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“Better, Faster and Cheaper” Internet

Students at St. Mary’s College of Maryland (SMCM) can expect better internet reliability and speed following a network update, according to representatives from the Office of Information Technology (OIT).

Prior to this update, internet on SMCM’s campus was provided by the State of Maryland’s Department of Information Technology (DoIT) at a bit rate of one gigabit per second. That means that the internet service provider’s (ISP) “pipes,” as Chris Burch, the Assistant Vice President of Information Technology, calls them, are servicing 1,000 megabits per second. The most recent update, according to OIT, will double that connection to two gigabits per second and provide a secondary pipe via the Maryland Research and Education Network (MDREN).

All limits are off, says Jeffrey Ranta, the senior network security administrator at OIT; students can now surf the web as fast as their computers and the wifi are capable of, as long as they’re connected to “SMCM-guest,” “resnet” or “eduroam.” The bandwidth — the maximum data transfer rate of an internet connection — which each device can use is now effectively unlimited.

Previously, connections were limited to 17 megabytes per second (mbps), but Ranta says that limit has been turned off. This means that the pipes which connect SMCM to the internet can carry more information than before. The wifi connections named “SMCM-Public” and “MobileNet” are still limited to this speed.

For comparison, the University of Maryland, Baltimore College (UMBC) — according to their Division of Information Technology website — has “two ten gigabit links.” UMBC, in terms of student enrollment, is eight and a half times the size of SMCM, meaning their internet connection is around two times the capacity per student. But, according to Ranta, he has not seen a full usage of the two gbps connection, meaning a larger pipe would be unnecessary.

Speaking on Friday, Feb. 3, Ranta says that he saw a peak in internet usage at 1.3 gbps the previous night, which means there were 30 percent more bits per second than before the update, but still not close to operating at full capacity.

For students, many of whom have expressed frustration with slow internet, this may be most exciting part of this change. Slow speeds should no longer be attributed to the campus’s internet connection, but there may be issues with the wifi. If SMCM community members feel their connection still operating rather slowly, OIT recommends submitting a service ticket online.

But, according to OIT, the redundant network is equally as important. “If one provider goes down, we still have [access to the] internet,” Ranta explained. This means even in the event that one provider, be it for scheduled maintenance or an unforeseen problem, goes dark, the backup ISP should immediately kick in, so that members of the community can have continual access the web.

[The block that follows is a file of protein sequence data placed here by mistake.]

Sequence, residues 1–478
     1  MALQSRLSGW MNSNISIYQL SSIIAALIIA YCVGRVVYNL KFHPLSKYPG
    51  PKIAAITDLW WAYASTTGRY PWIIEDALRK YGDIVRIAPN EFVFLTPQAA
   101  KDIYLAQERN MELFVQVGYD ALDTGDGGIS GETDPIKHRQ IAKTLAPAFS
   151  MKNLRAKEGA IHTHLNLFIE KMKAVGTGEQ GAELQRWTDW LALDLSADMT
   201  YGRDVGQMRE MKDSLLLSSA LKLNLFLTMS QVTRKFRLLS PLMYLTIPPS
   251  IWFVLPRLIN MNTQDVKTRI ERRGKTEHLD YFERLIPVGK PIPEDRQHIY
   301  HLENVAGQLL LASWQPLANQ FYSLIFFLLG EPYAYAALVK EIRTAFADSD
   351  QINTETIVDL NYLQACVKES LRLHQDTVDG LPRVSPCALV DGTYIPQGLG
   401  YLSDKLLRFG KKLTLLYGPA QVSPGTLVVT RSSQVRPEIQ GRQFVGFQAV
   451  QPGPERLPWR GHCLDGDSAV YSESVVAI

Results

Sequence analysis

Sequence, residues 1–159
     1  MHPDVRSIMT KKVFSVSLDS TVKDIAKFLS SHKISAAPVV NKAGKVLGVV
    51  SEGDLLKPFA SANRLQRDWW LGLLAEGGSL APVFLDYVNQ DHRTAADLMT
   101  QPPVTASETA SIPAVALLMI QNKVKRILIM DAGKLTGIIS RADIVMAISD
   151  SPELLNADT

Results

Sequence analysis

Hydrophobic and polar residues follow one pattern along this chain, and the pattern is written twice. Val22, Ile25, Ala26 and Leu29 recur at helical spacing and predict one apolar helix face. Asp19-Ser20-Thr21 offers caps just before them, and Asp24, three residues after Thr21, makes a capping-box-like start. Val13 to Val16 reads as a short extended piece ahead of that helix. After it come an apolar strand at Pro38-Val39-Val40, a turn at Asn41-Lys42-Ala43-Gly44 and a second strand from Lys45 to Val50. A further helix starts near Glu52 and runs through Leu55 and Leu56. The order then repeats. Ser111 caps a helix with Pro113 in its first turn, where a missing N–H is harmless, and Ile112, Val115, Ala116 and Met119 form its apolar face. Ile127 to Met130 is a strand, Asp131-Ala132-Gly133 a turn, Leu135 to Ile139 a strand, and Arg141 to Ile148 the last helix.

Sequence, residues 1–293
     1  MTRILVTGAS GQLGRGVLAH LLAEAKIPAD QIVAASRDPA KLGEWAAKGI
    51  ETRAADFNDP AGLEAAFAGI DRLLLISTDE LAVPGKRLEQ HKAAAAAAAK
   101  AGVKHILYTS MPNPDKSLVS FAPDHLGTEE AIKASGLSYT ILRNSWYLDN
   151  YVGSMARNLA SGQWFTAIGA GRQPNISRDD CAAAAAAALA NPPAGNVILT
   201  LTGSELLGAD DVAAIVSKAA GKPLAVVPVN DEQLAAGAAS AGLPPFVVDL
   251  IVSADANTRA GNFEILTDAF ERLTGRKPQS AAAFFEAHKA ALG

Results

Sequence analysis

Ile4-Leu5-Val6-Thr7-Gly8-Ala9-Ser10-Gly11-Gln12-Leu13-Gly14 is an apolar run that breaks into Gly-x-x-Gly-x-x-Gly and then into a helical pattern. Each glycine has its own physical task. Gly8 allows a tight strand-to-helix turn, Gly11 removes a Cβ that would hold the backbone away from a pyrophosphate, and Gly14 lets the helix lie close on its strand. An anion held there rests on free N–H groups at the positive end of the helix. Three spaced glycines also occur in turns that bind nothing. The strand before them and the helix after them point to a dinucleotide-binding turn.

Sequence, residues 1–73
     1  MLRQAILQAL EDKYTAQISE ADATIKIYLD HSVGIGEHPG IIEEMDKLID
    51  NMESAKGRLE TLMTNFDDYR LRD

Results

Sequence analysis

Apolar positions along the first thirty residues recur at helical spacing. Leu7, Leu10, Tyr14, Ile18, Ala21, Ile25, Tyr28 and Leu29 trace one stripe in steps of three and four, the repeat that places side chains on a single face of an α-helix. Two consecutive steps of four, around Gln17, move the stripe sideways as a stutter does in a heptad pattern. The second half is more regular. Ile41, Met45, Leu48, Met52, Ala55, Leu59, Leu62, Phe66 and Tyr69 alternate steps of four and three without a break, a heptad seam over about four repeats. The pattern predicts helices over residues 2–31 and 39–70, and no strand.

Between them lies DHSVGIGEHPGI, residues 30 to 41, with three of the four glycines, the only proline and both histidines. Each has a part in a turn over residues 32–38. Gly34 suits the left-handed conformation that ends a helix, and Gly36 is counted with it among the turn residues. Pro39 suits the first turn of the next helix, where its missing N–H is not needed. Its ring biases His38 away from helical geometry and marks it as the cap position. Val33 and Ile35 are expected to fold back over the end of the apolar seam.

Ranta, Burch, and Robert Brown — the Director of Network Support Services — say that this is important so that progress is not halted on campus in the event of an outage. In the digital age, much of the educational environment is reliant on internet connection.

“Getting a redundant pipe to the internet was nearly essential,” Burch explained “as we see … more applications showing up off campus, and we’re more … dependent on them.” Without services such as Blackboard, the Portal, and email servers, productivity would likely slow. This change is aimed at preventing that from ever happening.

Burch tied the update into the 2016-2019 “A Time for Rebirth” Strategic Plan for SMCM. The strategic plan is the way that the College intends to position itself as a “premier institution of higher education now and in the years to come,” according to the document. Burch says that this change is aligned with goal five of the plan, “create and maintain state-of-the-art, modern facilities, systems, and infrastructure.”

The entire update is actually saving money for the College, according to Burch. “The reality is we were able to negotiate … were actually paying less [money now] for what we have today than what we had before,” Burch said, “This money is going to the same agenc[ies, DoIT and MDREN], it’s just that things are getting cheaper”

SMCM’s internet connection is now “better, faster, and cheaper” according to Burch. OIT was able to procure new physical infrastructure as well as the reconfiguration of current equipment for faster speeds on the College’s network for around $36,000. That money was already budgeted to OIT. “The old equipment was gonna come up on its end of life in a couple years anyway, so it was almost a no-brainer to get new equipment.”

Representatives of OIT want the SMCM community to know that if they are having any issues they should let them know — via an OIT ticket. The internet connection should be “better” and “faster” now for its users, but Ranta emphasizes, “we can’t fix [problems] if we don’t know about them.”

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